Marcelo Ribeiro is a partner in White-Collar Crime at Lefosse.
Coming from the Federal Public Prosecutor’s Office, the professional has experience in handling complex cases covering various aspects of Corporate Criminal Law, which includes multi-jurisdictional investigations, proceedings related to various crimes that occur in the business environment, such as corruption, money laundering, environmental crimes, crimes against the economic and tax orders, financial system and capital markets, among others, including active and passive international cooperation measures and asset recovery. He also has experience in civil disputes, acting before higher courts and regulatory agencies.
Throughout his 16 years at the MPF, Marcelo Ribeiro has held several important positions, having been a member of the staff of the Attorney General’s Office at the Supreme Court and one of those responsible for the investigation and trial of criminal cases at that Court. He is also a member of the Federal Public Prosecutor’s Office Money Laundering Group, the Permanent Advisory Committee on Leniency and Collaboration and the Working Group on Cryptoactive Securities.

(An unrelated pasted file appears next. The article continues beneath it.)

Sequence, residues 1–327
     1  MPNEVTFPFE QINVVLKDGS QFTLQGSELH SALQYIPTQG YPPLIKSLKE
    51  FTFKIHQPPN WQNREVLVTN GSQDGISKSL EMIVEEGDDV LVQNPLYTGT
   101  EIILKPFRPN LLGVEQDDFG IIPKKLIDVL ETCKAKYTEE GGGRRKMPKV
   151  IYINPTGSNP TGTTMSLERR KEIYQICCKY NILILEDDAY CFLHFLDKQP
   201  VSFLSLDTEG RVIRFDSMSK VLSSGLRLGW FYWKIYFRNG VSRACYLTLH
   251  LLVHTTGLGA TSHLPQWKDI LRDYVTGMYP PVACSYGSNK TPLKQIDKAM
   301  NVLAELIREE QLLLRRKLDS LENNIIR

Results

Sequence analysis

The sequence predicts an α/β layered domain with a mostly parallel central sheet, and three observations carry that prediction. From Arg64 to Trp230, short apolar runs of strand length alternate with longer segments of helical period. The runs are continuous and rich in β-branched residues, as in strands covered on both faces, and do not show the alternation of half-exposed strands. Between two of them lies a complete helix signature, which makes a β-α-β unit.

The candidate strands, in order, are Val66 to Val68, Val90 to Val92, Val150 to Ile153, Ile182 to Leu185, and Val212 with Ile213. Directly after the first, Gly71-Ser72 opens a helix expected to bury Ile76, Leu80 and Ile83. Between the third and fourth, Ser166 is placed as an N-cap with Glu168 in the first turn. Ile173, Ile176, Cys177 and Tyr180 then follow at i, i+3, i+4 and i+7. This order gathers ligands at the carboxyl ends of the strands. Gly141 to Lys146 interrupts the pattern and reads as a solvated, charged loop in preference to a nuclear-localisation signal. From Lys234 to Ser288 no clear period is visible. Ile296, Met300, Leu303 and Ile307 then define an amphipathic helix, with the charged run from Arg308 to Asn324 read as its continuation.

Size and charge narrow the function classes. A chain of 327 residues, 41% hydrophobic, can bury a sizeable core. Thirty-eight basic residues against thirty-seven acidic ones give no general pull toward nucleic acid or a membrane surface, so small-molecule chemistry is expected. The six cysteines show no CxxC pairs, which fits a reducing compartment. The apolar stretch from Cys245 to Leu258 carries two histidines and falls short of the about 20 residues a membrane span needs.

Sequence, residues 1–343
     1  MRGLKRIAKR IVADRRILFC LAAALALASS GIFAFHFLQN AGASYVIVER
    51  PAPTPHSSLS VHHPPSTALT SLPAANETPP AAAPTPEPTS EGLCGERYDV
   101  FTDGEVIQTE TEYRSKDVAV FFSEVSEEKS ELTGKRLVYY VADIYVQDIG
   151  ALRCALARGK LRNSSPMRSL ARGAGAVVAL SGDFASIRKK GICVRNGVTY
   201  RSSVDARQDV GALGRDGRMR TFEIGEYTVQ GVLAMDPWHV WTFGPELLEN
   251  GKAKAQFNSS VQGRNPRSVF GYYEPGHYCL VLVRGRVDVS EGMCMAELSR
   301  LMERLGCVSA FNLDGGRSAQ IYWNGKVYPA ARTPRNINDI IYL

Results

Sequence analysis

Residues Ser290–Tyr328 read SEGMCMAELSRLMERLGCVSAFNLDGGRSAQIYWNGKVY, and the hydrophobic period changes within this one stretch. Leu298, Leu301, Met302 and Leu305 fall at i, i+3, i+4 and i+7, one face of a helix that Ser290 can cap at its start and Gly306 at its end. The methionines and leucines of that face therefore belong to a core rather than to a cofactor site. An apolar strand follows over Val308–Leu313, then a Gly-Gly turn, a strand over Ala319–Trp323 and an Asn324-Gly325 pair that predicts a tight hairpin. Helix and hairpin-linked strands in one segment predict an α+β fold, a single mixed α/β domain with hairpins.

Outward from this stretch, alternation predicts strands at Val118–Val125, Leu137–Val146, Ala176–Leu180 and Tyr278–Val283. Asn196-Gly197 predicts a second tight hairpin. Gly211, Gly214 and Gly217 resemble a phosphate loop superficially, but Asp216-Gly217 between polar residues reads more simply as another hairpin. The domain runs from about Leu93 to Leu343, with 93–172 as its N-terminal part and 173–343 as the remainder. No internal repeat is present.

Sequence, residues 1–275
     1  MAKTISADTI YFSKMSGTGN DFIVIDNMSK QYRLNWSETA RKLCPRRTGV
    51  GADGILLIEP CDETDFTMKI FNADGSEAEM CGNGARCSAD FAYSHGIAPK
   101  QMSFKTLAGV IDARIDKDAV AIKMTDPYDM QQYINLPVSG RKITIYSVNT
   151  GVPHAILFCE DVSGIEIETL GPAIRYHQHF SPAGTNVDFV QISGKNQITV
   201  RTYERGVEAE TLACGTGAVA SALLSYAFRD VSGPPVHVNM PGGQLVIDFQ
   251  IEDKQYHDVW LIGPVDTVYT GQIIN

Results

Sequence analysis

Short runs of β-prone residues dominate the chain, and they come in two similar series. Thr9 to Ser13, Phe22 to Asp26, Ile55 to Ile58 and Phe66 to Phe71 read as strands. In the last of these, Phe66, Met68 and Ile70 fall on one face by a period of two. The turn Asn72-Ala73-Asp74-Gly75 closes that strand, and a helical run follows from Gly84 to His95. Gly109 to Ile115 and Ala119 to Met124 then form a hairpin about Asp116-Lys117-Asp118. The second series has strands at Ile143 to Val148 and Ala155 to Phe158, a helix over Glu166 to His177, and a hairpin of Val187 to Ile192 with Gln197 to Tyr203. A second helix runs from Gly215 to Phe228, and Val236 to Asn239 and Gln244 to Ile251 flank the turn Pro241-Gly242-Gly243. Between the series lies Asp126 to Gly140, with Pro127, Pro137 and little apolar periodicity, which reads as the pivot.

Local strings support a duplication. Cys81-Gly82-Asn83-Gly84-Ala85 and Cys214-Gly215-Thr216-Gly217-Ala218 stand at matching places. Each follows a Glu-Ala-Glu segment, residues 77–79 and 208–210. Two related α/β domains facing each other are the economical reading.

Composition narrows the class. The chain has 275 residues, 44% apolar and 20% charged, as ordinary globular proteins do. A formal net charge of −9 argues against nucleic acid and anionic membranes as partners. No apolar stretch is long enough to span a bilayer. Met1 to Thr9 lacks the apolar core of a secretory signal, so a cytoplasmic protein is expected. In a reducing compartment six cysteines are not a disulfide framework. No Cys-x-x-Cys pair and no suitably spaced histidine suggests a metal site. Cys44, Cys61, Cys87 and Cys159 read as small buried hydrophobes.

He was one of those responsible for the International Cooperation of the Federal Prosecutor’s Office and was part of the criminal team of the Attorney General’s Office from 2017 to 2019, as well as Brazilian delegations to the OECD working group on bribery. He was active in the implementation of the OAS Convention against corruption and in the actions of ENCCLA (National Strategy to Fight Corruption and Money Laundering). He also coordinated the anti-corruption network of AIAMP (Ibero-American Association of Public Prosecutors) and the anti-corruption network of the Portuguese-speaking countries (CPLP) and was a member of the IAP – International Association of Prosecutors.
Marcelo holds a post-doctorate in Law from the University of Salamanca, a Ph.D. in Law from the University of Lisbon, a Master’s degree in Law and State, and a Bachelor’s degree in Law from the University of Brasília. He worked in private law for six years before joining the Federal Public Ministry.